|장소||#1323(E6-2. 1st fl.)|
|일시||Feb. 1 (Wed.), 2p.m.|
|연사||Dr. Michihisa Yamamoto, Department of Applied Physics, The University of Tokyo|
Quantum electron optics using flying electrons
Dr. Michihisa Yamamoto, Department of Applied Physics, The University of Tokyo
Feb. 1 (Wed.), 2p.m. #1323(E6-2. 1st fl.)
Abstract: Quantum electron optics is a field in which one manipulates quantum states of propagating electrons. Combined with technologies for confining and manipulating single electrons, it allows us to investigate the scattering and interference of electrons in a unit of a single electron. The necessary elements of quantum electron optics experiments include single electron beam splitter, phase shifter, Coulomb coupler, single electron source and detector, spin-orbit path and electron-pair splitter.
In this talk, we present development of some of these elements. The beam splitter and phase shifter are implemented in our original two-path interferometer [1-3]. This interferometer has been shown to be the only reliable system for the measurement of the transmission phase shift of electrons [4,5]. To suppress decoherence induced by the electron-electron interaction and enhance the interference visibility, we recently developed a two-path interferometer of depleted channels, where single electrons are injected by means of surface acoustic waves (SAWs). We also confirmed that a single electron in a static quantum dot (single electron source) can be adiabatically transferred into a SAW-driven moving quantum dot , a necessary ingredient for achieving the high interference visibility of a single flying electron.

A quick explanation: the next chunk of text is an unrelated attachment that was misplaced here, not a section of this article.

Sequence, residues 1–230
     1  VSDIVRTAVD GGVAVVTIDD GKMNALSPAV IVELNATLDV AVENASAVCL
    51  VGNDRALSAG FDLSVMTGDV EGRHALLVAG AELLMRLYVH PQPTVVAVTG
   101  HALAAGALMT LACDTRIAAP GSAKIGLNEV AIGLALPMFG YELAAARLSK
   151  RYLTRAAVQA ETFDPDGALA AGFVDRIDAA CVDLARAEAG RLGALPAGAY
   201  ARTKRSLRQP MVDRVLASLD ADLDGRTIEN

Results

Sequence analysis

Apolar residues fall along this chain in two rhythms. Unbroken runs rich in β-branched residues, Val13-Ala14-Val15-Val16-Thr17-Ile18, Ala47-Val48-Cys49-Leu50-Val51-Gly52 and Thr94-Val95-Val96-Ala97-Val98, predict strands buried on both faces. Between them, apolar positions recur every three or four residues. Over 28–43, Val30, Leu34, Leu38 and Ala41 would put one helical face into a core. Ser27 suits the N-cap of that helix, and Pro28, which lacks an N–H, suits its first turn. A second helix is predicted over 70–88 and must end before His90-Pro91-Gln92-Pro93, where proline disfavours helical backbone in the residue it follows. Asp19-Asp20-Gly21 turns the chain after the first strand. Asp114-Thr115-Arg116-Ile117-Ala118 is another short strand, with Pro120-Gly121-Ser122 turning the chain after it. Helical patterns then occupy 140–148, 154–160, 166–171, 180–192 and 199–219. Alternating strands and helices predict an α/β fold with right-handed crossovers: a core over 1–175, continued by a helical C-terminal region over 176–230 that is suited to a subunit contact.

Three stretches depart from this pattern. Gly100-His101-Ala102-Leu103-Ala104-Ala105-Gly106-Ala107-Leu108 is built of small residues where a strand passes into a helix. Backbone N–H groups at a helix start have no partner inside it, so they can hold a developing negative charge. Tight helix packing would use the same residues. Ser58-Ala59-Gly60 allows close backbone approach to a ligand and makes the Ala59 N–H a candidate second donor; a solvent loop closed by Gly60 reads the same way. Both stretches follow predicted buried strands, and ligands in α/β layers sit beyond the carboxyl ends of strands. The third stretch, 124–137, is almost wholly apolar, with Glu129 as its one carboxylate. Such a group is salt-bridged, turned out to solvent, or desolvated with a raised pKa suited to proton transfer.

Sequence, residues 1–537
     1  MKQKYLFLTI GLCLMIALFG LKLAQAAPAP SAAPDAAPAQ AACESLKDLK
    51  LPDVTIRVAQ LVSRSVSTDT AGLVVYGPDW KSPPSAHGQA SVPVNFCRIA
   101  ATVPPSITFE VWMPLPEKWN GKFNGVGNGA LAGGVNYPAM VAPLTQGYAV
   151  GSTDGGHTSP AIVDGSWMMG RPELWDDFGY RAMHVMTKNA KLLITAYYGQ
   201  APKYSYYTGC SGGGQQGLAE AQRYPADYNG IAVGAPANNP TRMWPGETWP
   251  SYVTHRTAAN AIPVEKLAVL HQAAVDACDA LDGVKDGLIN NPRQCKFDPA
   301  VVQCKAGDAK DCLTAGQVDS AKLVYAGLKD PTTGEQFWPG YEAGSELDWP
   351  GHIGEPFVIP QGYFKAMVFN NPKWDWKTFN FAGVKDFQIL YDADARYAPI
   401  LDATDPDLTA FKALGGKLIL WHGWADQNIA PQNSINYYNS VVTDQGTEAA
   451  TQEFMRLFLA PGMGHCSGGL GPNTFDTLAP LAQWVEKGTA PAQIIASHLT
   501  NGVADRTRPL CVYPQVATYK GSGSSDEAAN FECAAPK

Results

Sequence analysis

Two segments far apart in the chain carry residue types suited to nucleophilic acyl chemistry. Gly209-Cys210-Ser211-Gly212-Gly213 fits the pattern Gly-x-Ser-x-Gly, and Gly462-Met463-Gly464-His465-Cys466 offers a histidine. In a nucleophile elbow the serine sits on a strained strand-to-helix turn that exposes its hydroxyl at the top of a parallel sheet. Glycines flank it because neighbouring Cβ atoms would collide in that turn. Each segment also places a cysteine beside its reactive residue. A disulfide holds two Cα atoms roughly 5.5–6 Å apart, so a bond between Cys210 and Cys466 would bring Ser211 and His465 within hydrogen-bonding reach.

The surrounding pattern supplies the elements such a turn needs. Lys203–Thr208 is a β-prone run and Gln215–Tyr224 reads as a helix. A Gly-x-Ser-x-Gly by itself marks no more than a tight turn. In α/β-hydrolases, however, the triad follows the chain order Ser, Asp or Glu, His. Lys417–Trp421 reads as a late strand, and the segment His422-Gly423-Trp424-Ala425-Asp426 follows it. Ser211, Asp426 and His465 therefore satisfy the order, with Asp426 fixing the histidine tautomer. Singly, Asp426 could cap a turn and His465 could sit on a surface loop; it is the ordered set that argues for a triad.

Quantum electron optics also targets the manipulation of spins of flying single electrons. We found that the spin information of one or two electrons can be transferred between distant quantum dots, which work as the single electron source and detector, with the fidelity limited only by the spin flips prior to the spin transfer [7,8]. We also realized an electron-pair splitter that can be used to split spin-entangled electrons in a moving dot into different moving dots. Combined with single spin manipulation using the spin-orbit interaction (spin-orbit path) , this splitter should allow for Bell measurement of electron spins.
This work is in collaboration with S. Takada (now at Institut Neel), R. Ito and K. Watanabe at the University of Tokyo, B. Bertrand, S. Hermelin, T. Meunier, and C. Bäuerle at Institut Neel, and A. Ludwig and A. D. Wieck at Ruhr-Universität Bochum.
 M. Yamamoto et al., Nature Nano. 7, 247 (2012)..
 A. Aharony et al., New J. Phys. 16, 083015 (2014).
 T. Bautze et al., Phys. Rev. B 89, 125432 (2014).
 S. Takada et al., Phys. Rev. Lett. 113, 126601 (2014).
 S. Takada et al., Appl. Phys. Lett. 107, 063101 (2015).
 B. Bertrand et al., Nanotechnology 27, 204001 (2016).
 S. Hermelin et al., Nature 477, 435 (2011).
 B. Bertrand et al., Nature Nano. 11, 672 (2016).
 H. Sanada et al., Nature Phys. 9, 280 (2013).
Contact: SunYoung Choi, (firstname.lastname@example.org)
Center for Quantum Coherence in Condensed Matter, KAIST